Useful Kennel Design Enhancements
Any of the following can be useful design enhancements:
- Raised platforms that provide areas that allow dogs to rest and elevate themselves; these may be a safer alternative for dogs inclined to chew soft bedding
- Steps and ramps built into pen design to provide additional exercise as well as prepare dogs to navigate these common surfaces
- Multiple surfaces (e.g. grass, gravel, mats, cement, tile) that can be added to both home pen and exercise/play areas to create a complex environment; these can be particularly helpful in promoting successful housebreaking as puppies learn which surfaces to use for toileting during early developmental periods that occur before seven weeks of age and will often develop lifelong preferences for eliminating on these
- Outdoor yards or interior play areas outfitted with safe structures (e.g. slides, tunnels, children’s climbing structures) that enhance learning and exercise
- Safe options for expressing natural behaviors outdoors such as sandboxes for digging, shallow pools for swimming and temperature regulation, and opportunities to explore by sniffing
- Puppy housing that allows for easy introduction of objects and novel surfaces
- Space and tools that promote caretaker ease in the management of enrichment items such as storage/preparation areas and sinks/dishwashers/washing machines to aid in clean up
- Opportunities for dogs to either see or hide from people/dogs/objects outside the home pen: reduce frustration and fear by incorporating both solid barriers and those that allow visual access and providing additional pen furnishings that allow for perching or hiding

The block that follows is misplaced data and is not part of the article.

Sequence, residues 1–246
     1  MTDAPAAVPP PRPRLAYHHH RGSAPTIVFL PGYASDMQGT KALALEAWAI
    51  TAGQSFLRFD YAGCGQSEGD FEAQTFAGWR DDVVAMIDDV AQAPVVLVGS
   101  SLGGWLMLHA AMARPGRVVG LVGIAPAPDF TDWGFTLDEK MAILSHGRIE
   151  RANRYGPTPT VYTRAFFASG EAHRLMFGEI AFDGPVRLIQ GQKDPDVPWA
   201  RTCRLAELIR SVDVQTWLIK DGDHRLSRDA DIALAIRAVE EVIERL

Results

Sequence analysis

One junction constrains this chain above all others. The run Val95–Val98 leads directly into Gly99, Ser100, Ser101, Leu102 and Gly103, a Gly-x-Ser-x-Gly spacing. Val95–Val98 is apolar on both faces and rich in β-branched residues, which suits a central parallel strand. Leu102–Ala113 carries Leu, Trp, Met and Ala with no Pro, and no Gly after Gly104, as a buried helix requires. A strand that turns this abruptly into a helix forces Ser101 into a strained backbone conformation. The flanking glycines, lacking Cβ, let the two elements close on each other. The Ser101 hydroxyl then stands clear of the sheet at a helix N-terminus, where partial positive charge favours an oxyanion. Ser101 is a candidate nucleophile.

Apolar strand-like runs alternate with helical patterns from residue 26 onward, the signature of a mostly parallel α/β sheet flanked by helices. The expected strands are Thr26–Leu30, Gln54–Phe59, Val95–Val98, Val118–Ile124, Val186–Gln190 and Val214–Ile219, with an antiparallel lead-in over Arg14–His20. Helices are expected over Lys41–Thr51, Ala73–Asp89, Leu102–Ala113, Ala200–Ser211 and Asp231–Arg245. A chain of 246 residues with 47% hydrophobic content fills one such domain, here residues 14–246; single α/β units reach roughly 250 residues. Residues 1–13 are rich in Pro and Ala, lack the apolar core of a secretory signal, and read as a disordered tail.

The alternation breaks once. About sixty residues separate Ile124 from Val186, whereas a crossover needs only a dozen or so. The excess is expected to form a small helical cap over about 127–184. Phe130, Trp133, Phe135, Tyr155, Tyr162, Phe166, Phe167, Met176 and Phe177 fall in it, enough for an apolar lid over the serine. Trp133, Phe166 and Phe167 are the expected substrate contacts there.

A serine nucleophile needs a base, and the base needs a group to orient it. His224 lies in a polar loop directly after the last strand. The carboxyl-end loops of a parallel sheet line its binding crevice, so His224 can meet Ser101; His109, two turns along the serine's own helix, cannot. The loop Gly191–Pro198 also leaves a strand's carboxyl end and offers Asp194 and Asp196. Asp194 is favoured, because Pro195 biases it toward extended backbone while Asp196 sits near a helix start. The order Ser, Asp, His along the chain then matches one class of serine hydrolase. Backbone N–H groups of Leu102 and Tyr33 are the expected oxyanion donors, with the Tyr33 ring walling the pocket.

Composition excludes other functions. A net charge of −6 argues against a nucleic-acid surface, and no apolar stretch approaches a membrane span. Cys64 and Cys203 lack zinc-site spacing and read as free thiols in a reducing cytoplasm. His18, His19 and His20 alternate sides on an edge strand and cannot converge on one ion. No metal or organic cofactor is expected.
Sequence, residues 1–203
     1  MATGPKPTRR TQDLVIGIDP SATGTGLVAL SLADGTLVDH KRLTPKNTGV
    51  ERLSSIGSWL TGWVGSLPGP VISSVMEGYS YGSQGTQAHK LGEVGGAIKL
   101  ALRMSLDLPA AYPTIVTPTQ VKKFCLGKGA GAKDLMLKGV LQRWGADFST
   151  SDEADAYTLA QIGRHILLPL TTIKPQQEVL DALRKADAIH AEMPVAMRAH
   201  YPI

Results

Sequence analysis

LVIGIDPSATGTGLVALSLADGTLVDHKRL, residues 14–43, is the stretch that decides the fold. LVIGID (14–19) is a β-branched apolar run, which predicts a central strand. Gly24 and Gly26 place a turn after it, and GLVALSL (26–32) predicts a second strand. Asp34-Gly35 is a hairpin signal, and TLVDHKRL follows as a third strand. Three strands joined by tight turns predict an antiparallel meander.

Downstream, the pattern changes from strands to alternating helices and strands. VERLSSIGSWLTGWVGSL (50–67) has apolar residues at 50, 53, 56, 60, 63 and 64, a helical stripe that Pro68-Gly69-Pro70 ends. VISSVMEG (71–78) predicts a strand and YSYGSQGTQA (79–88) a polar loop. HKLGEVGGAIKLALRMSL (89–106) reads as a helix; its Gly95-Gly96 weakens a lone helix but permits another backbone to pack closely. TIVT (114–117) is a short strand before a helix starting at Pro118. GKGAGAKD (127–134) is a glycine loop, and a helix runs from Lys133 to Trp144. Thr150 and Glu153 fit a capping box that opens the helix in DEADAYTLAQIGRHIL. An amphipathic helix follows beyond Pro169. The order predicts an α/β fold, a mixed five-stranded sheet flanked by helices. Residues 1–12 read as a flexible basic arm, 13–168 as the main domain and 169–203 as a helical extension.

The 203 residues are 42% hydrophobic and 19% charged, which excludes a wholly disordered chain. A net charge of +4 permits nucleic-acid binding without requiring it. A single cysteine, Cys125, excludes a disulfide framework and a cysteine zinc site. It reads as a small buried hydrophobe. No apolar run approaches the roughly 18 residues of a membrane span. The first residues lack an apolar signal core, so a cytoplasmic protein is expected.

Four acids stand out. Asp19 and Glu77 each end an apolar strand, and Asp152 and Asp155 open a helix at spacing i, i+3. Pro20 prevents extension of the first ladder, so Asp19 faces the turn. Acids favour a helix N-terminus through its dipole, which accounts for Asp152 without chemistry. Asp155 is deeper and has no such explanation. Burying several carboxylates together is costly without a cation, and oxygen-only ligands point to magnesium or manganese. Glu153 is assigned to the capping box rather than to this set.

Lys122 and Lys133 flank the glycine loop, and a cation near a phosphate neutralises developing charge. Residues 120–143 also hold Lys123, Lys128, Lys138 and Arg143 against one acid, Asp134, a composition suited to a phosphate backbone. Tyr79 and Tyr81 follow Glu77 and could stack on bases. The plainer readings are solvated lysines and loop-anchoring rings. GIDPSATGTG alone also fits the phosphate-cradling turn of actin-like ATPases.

- Front pen design that allows for easy comfortable contact between caretaker and dogs. Avoid systems that force handlers to lean in over dogs to visualize, interact, or perform daily husbandry activities. This position limits caretaker ability to monitor dogs, can be threatening to sensitive dogs, and can cause injury to caretakers themselves over time
Outdoor Kennel Design Considerations
The decision to maintain dogs in kennels that are primarily outdoors should consider numerous factors. These include the suitability of the breed for the environmental conditions they are likely to face and the ability to safely contain dogs and protect them from inclement weather and predators. These kinds of kennels should ensure that dogs have sheltered or covered areas that are large enough and well distributed so that dogs do not have to compete for access to them. Such areas should be well drained, so dogs are not forced to lie in damp areas to access shade or shelter from the elements. Special attention must also be paid to ensuring that dogs have enough other resources needed to keep themselves as cool or warm as needed. These can include outdoor houses, windbreaks provided through man-made structures or landscaping, misters, heat lamps, and heating/cooling elements or devices that are safe for dogs and easy to maintain.
Take Home Messages
The best kennel design for a breeder is the one that works best for his or her dogs and puppies. Not only should a kennel provide the animals a safe, sturdy, clean shelter that meets their physical needs, designing kennels to better meet the behavioral needs of the dogs they house will ensure that they ultimately offer the best return on investment in dog care and well-being.
Dr. Candace Croney, Ph.D. is the director of the Purdue University Center for Animal Welfare Science and a Professor of Animal Behavior and Well-Being. Traci Shreyer, M.A. is a Purdue University Breeding Dog Welfare Research Associate.